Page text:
2010/06/05 § Leave a comment
When discussing what I called “Pythonic threads”, which are threads created and managed by Python, which have a PyThreadState structure allocated to them and that are able to call into the Python API and run Python code, I said: “theoretically threads can be created which will not be under the interpreter’s control; these threads won’t have a PyThreadState structure and must never call a Python API; this is not very common“. This is sort of correct, but misleading: such threads are quite obvious to have in a non-Python applications that has a Python interpreter embedded in it (something Graham probably knows a thing or two about :). These ‘foreign’ (I don’t know of formal term) threads indeed can’t call the Python API and run Python code unless they’re ‘migrated’ (don’t know of a formal term) to come under the control of a Python interpreter, having the correct bookkeeping structures allocated and initialized for them.
Graham also noted correctly that such ‘migration’ is easier when there’s just one Python interpreter in the process, and harder if there’s more than one. If you have just one interpreter, you can use the (somewhat confusingly named) PyGILState_Ensure and PyGILState_Release calls to do the job. These calls allow a thread to ensure it has the GIL (blocking if necessary until it can be acquired), but importantly can be called by a thread that isn’t under Python’s control at all; the necessary work to allow the thread to call Python’s API will be done for you. These calls assume there is only one Python interpreter (interp_head points to a PyInterpreterState which points to NULL), hence they mustn’t be used in a multi-interpreter process, if that is your case you’ll have to ‘migrate’ the threat manually with lower level primitives.
As per my errata policy, I’ve chosen to update the original post as if the error never happened and write this post note the mistake for future reference and for those subscribed to the RSS feed of the Errata category.
I’d like to thank Graham for the important correction.
2010/05/22 § Leave a comment
Just yesterday I promised to tell you if I make significant mistakes, hoping it would be a seldom occasion. Yet here I am writing to you about another mistake I made, though this time not one of technical nature. I chose the old name for this series of articles about Python’s inner working as I was musing about how creators may see their creations far more thoroughly than other people possibly can (the old name of the series was “Guido’s Python”). It was recently brought to my attention that the name I chose might have been incorrect, misleading and/or simply tasteless. I certainly did not mean to give a false impression of affiliation or endorsement; of course Python’s creator and community leader never had anything to do with the series. Due to these reasons and to set things straight, the series will be promptly and retroactively renamed to “Python’s Innards”.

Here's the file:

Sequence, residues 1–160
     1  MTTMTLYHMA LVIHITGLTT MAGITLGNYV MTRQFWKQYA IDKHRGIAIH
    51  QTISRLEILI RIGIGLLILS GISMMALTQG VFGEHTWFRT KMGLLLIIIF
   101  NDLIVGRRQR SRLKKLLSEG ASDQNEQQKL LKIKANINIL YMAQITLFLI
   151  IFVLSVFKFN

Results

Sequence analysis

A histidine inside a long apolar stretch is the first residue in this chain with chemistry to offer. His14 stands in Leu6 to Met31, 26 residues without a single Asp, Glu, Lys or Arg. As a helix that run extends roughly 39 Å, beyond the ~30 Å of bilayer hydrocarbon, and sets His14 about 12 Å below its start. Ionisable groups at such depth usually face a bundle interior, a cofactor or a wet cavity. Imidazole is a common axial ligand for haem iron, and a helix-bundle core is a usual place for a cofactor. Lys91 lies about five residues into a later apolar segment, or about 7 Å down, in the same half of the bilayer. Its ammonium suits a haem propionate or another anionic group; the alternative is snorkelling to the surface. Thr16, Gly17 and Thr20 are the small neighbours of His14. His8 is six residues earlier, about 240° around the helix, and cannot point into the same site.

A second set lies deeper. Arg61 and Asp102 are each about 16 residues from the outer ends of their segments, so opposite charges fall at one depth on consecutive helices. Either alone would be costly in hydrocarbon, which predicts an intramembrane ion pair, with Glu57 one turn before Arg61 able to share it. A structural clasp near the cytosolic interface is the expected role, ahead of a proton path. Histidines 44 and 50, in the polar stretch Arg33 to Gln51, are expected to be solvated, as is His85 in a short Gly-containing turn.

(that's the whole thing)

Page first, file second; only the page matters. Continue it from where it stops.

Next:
Since the series’ old name was used in URLs and category names, things will break as I do the rename and readers will have to update their bookmarks. I’m sorry for the discomfort I’ll cause my readers with the rename, but far worse, I apologize if I misled anyone or tainted someone’s good name. I’ll use this unfortunate opportunity to say explicitly that unless stated otherwise, everything you can find anywhere under the aknin.name domain (so far there’s only this blog) is solely my creation, not endorsed nor affiliated with anyone else (be assured that I’ll give credit where such is due if I’ll receive some kind of help in the future).
Genuinely no malice was intended and I hope this will be forgotten soon enough; I’m working on the next article and look forward to see you as we continue this journey into Python.
2010/05/20 § 1 Comment
Alas, it has happened, the first mistake in the ‘Python’s Innards’ series has been found. I was trying to answer a question raised by one of my Reddit readers regarding properties, and realized that I have overlooked a fine point about descriptors in my post. Oops.
As was originally (and correctly) written in the post, descriptors are objects whose type has their tp_descr_get and/or tp_descr_set slots set to non-NULL. However, I also wrote, incorrectly, that descriptors take precedence over regular instance attributes (i.e., attributes in the object’s __dict__). This is partly correct but misleading, as it doesn’t distinguish non-data descriptors from data-descriptors. An object is said to be a data descriptor if its type has its tp_descr_set slot implemented (there’s no particularly special term for a non-data descriptor). Only data descriptors override regular object attributes, non-data descriptors do not.
I apologize for the mistake, but alas can’t promise it will never happen again. I’ve created an Errata Policy page which explains how I intend to treat mistakes that will be found from now on. Briefly, it says that the policy is to correct the original page as if the mistake never existed, and if the mistake is significant enough, also write a separate post (like this one) which explains what happened. I plan not to tag errata posts with all the tags of the original post (I’ve done it with this post as an exception), so unless you explicitly register to the RSS feed of the Errata category in my blog, you won’t get further errata via Planet Python or other aggregation services that rely on the ‘python’ or ‘pythons-innards’ tags.
I hope you will keep enjoying and relying on this blog.